upset toddlerThe problem: Is your child an angel at home, but suddenly turns on the aggression at daycare, the playground, or at a playdate? That’s normally because, in social situations, he is more likely to have his will challenged, whether it’s because another child wants a turn on the slide, or because his favorite toy is whisked away by another pair of hands.

The solution: If your toddler is old enough to empathize, and understand why his actions are not ok, pull him aside if he hits another child and tell him that hitting hurts other people, and that he is not permitted to hit. You might want to give him a minute or two to cool down on his own, isolated from the other kids, before returning to play. Younger toddlers may simply not have the communication skills or impulse control to understand what you’re trying to communicate. In this case, distraction is key. When you see a situation about to escalate, present him with a new activity.

The problem: If your toddler is just learning to speak, she may not feel confident that she has the skills she needs to tell you exactly what is wrong. This can result in her communicating her frustration in the most simple way available to her: aggression.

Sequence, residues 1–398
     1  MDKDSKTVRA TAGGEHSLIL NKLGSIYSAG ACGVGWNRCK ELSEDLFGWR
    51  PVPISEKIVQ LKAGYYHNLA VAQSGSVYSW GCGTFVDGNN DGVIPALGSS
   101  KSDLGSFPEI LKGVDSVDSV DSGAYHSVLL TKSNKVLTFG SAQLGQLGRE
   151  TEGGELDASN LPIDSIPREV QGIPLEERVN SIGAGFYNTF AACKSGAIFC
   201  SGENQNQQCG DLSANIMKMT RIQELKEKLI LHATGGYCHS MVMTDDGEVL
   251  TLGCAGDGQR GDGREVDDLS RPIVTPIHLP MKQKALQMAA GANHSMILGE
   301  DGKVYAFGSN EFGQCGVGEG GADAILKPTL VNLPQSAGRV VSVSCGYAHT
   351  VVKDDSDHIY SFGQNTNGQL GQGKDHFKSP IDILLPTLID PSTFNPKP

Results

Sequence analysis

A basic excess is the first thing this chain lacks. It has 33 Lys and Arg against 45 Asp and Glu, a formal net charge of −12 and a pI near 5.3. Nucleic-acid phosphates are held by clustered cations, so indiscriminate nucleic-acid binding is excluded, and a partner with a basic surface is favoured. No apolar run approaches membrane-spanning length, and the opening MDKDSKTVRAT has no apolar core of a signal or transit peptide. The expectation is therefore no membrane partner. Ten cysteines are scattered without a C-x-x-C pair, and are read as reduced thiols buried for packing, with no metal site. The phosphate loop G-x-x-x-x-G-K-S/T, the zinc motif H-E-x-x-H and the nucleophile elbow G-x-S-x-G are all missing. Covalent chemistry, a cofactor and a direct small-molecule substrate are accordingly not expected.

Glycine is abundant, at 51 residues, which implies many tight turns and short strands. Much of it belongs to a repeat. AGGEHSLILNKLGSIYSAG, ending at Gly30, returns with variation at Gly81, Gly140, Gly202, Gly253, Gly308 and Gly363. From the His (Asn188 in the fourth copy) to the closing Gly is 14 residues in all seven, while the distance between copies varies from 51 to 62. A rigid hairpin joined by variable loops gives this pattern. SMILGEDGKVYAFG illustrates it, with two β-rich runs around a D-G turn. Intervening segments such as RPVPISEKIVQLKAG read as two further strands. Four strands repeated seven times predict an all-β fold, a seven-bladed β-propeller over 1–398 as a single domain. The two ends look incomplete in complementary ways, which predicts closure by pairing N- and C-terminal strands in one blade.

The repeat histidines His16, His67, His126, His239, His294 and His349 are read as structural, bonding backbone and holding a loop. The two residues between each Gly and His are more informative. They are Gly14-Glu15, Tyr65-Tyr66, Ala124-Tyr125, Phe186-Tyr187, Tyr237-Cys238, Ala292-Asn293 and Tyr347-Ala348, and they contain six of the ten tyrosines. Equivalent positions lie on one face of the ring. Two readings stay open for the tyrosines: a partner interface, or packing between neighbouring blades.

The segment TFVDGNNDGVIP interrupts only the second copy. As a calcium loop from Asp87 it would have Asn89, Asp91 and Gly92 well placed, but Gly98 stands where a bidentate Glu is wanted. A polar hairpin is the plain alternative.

mom talking to upset toddThe solution: Encourage her to use her words by telling her repeatedly that asking for milk, a snack, or a specific toy or blanket, will result in receiving that item. This may take time, but telling her to say the word for what she wants will lead to her eventually trying that approach. When she does, praise her for using her words and reinforce this behavior by reminding her that getting milk is as simple as saying the word “milk”.

The problem: When you have a bad night’s sleep, skip lunch, or feel as if you’re coming down with a cold, you may not feel like playing nicely with others. When your child is having a tough day or feels a little “off”, he might resort to hitting or biting the way that adults might snap at one another when they feel under the weather.

The solution: Prevention, prevention, prevention. Staying ahead of a child’s need for food is key. Pack a snack when you’re out, don’t delay meals, and remember that if your child had a light breakfast, he may need a bigger meal later. Keep him on a sleep schedule that ensures enough rest. If you know that he’s coming down with a cold, keep your schedule low-key to avoid playground aggression.

It may seem as if the days of hitting and biting will never end, but rest assured that most toddlers do grow out of this stage. As your child gains confidence in her independence, learns to communicate effectively, and develops coping skills, she is likely to cease these behaviors and handle her frustration “like a big kid”.